The key question is not 'What do students understand?' but 'What can students do?' This book develops an alternative view, suggesting that, for our universities, a third and heretical conception of human being is worth considering. It also provides a critique of the notion of competence as wholly inadequate for higher education.
Competence is a term which is making its entrance in the university. How might it be understood at this level? The Limits of Competence takes an uncompromising line, providing a sustained critique of the notion of competence as wholly inadequate for higher education.
Currently, we are seeing the displacement of one limited version of competence by another even more limited interpretation. In the older definition - one of academic competence - notions of disciplines, objectivity and truth have been central. In the new version, competence is given an operational twist and is marked out by know-how, competence and skills. In this operationalism, the key question is not 'What do students understand?' but 'What can students do?'
The book develops an alternative view, suggesting that, for our universities, a third and heretical conception of human being is worth considering. Our curricula might, instead, offer an education for life.
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"This is an extremely informative and challenging book which will interest a wide audience. It is a must for educators and professional colleagues who have an interest in or input into professional development." - British Journal of Occupational Therapy "...a stimulating source for those who need to break out ofthe struggle of forces that have been locked in combat for the last half-century...I hope that the dialogue started by this book continues and...becomes transferred from thought to action in new teaching groups, newdepartments and even new universities. It is certainly Barnett's intention to light the blue touchpapers and not stand back." - Studies in Higher Education "There is much in thisbook to admire. It is well written, well argued and deals with contemporary issues. It has much to offer in promoting a sensible and sensitive debate around the future direction of higher education and its curriculum." - Quality Assurance in Education "This book will be a useful addition to the libraries of philosophers and academics whoare interested in a detailed and theoretical exploration of the rolesof higher education in society." - Open Learning "If asked to recommend one book to a busy academicinvolved in professional training, I would have to choose Barnett's...powerfully argued...the pressure of events makes Barnett's learned and provocative polemic more immediately attractive." - Teaching in Higher Education "...a useful addition to the libraries of philosophers and academics who are interested in a detailed and theoretical exploration of the roles of higher education insociety." - Open Learning "...deserves to bewidely read by those with an interest in the future of higher education in our society." -Educational Review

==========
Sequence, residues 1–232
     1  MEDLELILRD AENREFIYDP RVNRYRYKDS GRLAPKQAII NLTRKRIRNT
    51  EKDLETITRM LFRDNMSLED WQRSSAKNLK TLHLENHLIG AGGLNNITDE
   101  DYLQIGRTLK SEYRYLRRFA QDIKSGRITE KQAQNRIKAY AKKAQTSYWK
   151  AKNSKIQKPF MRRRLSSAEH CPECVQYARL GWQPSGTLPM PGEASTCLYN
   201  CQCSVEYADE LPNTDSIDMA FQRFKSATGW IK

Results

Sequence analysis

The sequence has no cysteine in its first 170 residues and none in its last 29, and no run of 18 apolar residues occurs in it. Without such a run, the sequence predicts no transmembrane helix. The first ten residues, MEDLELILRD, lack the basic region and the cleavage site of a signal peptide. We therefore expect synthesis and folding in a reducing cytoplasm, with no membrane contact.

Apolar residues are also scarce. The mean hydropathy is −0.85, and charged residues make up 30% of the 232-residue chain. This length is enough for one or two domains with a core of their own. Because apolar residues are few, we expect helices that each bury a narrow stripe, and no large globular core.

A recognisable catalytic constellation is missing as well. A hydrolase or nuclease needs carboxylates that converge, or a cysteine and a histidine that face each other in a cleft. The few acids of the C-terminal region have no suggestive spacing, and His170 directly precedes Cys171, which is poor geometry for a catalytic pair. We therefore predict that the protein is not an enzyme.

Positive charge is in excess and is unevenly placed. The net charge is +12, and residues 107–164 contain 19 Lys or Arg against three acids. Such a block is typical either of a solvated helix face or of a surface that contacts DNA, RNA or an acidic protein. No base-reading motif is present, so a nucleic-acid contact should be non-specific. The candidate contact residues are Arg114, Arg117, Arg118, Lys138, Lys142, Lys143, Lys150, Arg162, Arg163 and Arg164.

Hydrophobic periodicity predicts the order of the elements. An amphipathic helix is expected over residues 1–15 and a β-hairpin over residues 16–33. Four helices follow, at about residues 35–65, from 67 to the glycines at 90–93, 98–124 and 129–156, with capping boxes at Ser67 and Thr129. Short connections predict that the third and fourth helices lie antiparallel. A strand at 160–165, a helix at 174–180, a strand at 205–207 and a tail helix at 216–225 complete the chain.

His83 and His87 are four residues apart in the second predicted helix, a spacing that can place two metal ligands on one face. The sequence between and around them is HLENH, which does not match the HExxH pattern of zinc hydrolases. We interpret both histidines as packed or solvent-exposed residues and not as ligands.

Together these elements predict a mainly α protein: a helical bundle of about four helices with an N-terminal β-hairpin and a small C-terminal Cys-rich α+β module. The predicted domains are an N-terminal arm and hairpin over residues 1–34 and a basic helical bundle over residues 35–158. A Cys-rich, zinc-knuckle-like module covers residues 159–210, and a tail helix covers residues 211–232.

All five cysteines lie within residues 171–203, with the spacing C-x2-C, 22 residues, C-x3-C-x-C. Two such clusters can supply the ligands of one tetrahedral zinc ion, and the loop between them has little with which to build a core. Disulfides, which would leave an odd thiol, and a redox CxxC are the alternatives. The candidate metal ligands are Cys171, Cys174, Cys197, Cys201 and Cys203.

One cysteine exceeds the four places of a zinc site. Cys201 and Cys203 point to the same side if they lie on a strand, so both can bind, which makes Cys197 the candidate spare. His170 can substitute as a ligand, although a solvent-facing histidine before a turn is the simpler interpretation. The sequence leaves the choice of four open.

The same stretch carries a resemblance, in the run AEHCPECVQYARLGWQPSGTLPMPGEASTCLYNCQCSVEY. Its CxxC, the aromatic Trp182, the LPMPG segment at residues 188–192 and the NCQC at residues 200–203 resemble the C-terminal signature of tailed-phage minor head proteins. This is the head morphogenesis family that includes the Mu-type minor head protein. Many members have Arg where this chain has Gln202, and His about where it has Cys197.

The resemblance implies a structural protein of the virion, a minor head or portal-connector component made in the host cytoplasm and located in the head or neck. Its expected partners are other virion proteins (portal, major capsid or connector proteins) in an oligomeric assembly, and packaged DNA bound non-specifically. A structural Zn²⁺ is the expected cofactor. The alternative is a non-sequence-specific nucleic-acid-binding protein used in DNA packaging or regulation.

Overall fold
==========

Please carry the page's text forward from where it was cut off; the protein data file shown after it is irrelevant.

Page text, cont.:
Table of Contents
Part 1 Knowledge, higher education and society: the learning society?; a certain way of knowing; we are all clerks now. Part 2 The new vocubulary: "skills" and "vocationalism"; "competence" and "outcomes"; "capability" and "enterprise". Part 3 The lost vocabulary: understanding; critique; interdisciplinarity; wisdom. Part 4 Competence reconsidered: two rival versions of competence; beyond competence; retrospect and coda.
The Limits of Competence by Ronald Barnett
Used - Very Good
Open University Press
Short-listed for Standing Conference for Studies in Education Book Award 1995
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